GEORGE TOWN – HSBC employees and members of the National Union of Bank Employees (NUBE) held a peaceful demonstration to protest the alleged human rights violations committed by the bank’s management.
More than 100 bank employees gathered for more than an hour in front of the HSBC bank building on Downing Street here today, carrying various protest posters and banners.
NUBE secretary-general J. Solomon said the peaceful demonstration was organised to protest the state government’s partnership with HSBC Bank Malaysia by signing an MoU in October last year through its subsidiary InvestPenang.
"Although the state government is aware of HSBC’s negative image and reputation globally, the state government is still continuing the joint venture,” he told reporters today.
Solomon said the peaceful demonstration was the second after the one in Johor Baru held last week, and it was expected to continue nationwide.
NUBE, he said, decided to go ahead with the protest after the bank’s management refused to hold a standing committee meeting to address the dispute resolution process in line with the provisions of the collective agreement.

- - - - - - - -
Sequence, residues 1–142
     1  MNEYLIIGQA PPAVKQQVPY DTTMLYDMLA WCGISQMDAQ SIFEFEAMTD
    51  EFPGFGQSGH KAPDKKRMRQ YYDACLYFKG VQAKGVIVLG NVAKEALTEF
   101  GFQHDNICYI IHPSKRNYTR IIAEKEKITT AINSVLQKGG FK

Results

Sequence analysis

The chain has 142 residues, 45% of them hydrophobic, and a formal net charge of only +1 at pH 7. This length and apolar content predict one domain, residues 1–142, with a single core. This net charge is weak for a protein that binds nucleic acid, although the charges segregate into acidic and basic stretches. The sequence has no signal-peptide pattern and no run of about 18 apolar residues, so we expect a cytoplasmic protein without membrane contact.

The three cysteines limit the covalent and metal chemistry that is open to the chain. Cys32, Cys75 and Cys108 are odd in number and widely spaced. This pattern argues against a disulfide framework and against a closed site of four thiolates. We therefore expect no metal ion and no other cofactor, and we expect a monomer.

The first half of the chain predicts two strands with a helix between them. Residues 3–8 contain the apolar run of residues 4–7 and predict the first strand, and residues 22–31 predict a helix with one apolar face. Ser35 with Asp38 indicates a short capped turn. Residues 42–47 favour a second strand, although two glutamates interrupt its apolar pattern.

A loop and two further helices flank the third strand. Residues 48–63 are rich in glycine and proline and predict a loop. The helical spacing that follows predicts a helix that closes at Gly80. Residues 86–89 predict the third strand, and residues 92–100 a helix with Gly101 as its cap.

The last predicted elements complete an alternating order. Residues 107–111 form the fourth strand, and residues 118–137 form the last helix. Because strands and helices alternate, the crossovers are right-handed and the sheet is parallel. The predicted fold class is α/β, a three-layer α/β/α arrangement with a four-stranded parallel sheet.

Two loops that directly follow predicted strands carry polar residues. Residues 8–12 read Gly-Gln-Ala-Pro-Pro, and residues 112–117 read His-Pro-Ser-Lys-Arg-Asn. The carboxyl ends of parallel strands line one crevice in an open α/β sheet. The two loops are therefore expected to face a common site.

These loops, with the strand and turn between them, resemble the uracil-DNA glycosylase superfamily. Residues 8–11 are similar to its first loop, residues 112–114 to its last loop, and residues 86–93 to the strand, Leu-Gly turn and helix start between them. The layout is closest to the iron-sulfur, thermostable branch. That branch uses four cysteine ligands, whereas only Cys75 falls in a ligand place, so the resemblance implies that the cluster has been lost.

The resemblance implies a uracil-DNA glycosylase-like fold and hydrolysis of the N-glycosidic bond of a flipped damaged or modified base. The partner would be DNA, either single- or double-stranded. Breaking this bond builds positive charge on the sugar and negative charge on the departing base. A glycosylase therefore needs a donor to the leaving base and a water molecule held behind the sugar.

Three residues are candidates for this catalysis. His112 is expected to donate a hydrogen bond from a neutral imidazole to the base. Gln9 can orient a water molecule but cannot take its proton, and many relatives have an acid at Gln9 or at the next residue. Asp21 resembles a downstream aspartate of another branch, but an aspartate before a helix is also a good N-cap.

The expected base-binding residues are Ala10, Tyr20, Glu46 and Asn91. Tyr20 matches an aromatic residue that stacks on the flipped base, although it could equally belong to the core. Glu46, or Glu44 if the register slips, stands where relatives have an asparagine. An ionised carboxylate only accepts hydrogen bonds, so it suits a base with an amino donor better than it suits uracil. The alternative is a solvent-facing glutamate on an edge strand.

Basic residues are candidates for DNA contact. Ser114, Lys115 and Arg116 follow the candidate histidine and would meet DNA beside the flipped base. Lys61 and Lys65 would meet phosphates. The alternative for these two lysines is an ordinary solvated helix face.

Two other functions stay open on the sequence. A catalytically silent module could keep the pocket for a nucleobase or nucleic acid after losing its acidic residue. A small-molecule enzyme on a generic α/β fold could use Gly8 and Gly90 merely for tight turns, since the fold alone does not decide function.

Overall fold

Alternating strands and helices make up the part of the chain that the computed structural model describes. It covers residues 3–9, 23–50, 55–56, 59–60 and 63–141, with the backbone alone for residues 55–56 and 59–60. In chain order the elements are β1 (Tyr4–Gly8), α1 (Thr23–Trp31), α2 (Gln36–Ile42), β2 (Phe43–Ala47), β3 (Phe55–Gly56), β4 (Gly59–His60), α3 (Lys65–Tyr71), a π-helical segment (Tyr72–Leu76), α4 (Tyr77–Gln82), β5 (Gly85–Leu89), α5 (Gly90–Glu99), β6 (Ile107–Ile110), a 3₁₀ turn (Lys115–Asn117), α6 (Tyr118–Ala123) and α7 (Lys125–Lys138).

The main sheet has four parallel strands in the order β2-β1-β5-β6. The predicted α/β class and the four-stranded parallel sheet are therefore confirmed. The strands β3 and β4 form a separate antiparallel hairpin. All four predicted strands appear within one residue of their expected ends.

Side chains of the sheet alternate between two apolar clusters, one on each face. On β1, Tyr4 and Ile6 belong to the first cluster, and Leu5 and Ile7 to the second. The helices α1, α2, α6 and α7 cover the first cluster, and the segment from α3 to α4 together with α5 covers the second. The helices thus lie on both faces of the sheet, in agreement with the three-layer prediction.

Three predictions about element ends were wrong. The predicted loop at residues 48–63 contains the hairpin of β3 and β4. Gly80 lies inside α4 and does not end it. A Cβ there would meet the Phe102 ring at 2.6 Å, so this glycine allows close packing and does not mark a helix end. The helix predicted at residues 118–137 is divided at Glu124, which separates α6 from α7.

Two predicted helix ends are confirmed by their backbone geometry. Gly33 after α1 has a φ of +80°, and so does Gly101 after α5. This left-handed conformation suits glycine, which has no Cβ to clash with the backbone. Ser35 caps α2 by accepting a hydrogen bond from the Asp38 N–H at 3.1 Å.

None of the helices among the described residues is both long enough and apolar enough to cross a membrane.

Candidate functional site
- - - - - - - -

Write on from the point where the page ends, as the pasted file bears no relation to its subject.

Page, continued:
“The management of HSBC Bank Malaysia has refused to resolve the issue raised by NUBE over the past three years which violates the rights and interests of NUBE members among the B40 and M40 groups.
“Among the industry disputes identified include refusing to respect Malaysian labour laws including the provisions of the Industrial Relations Act 1967 and insulting Muslim workers,” he said.
Solomon said HSBC Bank Malaysia was also accused of discriminating against bank employees, especially NUBE members, and violating the provisions of labour laws to control the functions and roles of NUBE.
“NUBE has no choice but to picket action as the bank has repeatedly refused to discuss with NUBE at various levels in accordance with the provisions of the spirit of harmonious enterprise relations clearly enshrined in the collective agreement between NUBE and HSBC Bank Malaysia and the Industrial Relations Act 1967.
“At the same time, they deliberately avoid negotiating to find a solution to all industry complaints and disputes raised,” he said.
Solomon said the bank's unfair and unprofessional actions involved 300 industrial disputes during the pandemic that challenged the patience and livelihoods of B40 and M40 workers.
“Such an attitude also does not reflect its position as a worldwide bank,” he added. – The Vibes, March 24, 2022